2. I am a complete amateur who has working hard at getting better with my photos in the hopes of making a living at it…somehow, someday. I can tell you that I’ve sold several photos and I’ve never uploaded anything to stock sites. Instead, people have found my photos through apparently random web searches–some that I’ve posted in my blog, couple from my smugmug site, and several that I’ve uploaded to wikipedia. I had never intended any photos there to be anything but illustrative of the article I was working on, and on my blog many were never intended to be anything but snapshots from my day. The main thing seems to be that they searched for a phrase or keywords and found what they wanted. So–keywords & descriptions seem to be very important, no matter where you post your photos. And sheer luck, for example, that the particular angle on a particular flower happened to be the one that the purchaser wanted.

    1. Katherine Shulock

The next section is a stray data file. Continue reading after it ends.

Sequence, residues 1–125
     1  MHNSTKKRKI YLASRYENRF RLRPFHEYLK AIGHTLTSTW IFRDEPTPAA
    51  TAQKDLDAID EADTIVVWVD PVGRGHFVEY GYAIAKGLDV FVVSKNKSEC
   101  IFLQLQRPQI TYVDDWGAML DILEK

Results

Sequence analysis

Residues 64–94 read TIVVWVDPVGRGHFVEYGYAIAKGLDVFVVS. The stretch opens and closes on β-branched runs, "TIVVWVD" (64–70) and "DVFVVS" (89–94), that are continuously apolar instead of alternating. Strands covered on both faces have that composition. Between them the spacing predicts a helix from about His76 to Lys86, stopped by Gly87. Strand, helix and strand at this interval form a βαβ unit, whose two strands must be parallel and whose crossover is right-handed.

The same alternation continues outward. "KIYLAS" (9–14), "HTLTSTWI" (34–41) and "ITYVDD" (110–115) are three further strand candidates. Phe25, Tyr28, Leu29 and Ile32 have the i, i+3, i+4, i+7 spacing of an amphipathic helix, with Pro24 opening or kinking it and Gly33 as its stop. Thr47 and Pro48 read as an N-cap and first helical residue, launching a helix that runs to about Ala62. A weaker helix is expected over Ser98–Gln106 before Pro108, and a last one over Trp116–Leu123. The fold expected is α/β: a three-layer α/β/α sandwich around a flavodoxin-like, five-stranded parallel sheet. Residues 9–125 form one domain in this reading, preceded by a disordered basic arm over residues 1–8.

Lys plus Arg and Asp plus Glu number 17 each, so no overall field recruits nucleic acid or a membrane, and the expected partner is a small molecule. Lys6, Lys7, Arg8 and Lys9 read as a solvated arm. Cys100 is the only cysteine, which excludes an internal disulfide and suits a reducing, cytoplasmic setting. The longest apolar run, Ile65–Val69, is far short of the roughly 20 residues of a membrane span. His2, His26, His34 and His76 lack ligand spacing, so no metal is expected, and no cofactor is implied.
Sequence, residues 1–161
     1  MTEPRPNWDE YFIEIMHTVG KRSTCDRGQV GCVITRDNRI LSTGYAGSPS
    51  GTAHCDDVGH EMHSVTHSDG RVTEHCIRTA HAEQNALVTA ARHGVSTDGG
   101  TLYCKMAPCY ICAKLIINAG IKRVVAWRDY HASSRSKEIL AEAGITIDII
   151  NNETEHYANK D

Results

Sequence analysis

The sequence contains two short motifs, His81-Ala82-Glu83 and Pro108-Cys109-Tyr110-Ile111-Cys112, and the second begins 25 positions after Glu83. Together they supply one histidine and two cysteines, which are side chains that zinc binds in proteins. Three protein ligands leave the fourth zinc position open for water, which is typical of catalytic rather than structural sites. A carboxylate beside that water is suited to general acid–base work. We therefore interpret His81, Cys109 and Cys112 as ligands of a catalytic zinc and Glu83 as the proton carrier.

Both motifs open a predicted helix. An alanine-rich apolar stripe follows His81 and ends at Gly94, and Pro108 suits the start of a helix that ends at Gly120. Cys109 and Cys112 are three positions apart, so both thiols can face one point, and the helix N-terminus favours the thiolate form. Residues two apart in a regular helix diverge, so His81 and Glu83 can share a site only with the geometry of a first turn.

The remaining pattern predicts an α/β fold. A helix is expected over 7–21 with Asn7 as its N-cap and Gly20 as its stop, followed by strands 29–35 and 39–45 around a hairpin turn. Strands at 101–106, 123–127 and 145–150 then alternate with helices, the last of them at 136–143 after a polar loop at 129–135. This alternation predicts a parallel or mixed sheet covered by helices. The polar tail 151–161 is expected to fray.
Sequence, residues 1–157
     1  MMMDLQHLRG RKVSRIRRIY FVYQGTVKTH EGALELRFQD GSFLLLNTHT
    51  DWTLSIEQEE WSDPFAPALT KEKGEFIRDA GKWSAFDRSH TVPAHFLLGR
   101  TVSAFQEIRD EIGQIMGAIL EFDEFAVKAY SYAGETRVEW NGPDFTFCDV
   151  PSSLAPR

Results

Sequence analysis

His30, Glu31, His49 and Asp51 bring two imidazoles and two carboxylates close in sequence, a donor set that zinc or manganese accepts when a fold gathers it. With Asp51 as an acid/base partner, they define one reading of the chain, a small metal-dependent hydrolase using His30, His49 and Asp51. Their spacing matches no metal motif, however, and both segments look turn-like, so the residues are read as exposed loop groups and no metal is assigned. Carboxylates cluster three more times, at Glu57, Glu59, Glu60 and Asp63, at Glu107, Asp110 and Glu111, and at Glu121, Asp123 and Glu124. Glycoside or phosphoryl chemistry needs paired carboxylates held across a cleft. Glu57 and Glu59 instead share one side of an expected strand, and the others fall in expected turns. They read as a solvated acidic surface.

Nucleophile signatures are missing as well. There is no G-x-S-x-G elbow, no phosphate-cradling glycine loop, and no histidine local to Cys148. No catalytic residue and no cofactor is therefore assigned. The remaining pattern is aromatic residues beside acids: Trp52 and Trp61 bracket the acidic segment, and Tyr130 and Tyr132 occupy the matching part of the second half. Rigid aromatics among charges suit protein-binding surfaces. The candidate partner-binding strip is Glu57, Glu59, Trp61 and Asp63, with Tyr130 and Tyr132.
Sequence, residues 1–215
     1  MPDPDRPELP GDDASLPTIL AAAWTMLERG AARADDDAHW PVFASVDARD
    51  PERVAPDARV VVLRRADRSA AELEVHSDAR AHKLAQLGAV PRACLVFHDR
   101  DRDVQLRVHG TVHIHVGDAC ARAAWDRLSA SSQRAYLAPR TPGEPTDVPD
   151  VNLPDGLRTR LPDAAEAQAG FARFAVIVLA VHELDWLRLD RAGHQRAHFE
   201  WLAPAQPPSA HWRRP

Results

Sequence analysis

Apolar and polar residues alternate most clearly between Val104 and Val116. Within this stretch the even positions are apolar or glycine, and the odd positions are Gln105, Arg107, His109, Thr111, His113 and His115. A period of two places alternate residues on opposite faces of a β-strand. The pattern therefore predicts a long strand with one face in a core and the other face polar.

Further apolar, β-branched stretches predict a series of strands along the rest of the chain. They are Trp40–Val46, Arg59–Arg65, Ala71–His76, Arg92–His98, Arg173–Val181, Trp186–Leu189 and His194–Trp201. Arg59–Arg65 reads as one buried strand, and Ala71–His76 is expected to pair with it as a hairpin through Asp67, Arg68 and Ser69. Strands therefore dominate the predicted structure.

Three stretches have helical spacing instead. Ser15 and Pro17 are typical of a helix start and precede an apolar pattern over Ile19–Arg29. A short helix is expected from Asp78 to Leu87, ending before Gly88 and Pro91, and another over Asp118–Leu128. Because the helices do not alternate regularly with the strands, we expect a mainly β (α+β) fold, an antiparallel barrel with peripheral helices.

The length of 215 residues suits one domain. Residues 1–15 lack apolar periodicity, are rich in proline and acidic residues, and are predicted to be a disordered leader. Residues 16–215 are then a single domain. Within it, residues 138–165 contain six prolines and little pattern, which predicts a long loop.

HI Ellen, I’m interested in learning how you tagged your photos online and what blog site you are using. What’s the best way to connect?

  3. your photos look very good actually for stock photography. i know someone who sells her photogs through a stock agency and has sells several times a WEEK..her most popular being a photo of apples.

    i tried it once and thought about trying it again because i could not believe my images were rejected. hurt my ego, haha, but maybe i won’t. i don’t want to specifically take photos i think people/agencies may want. i want to take photos i enjoy taking (i feel i can be more creative and natural instead of being forced into going for a look) and if someone wants to buy it, even better.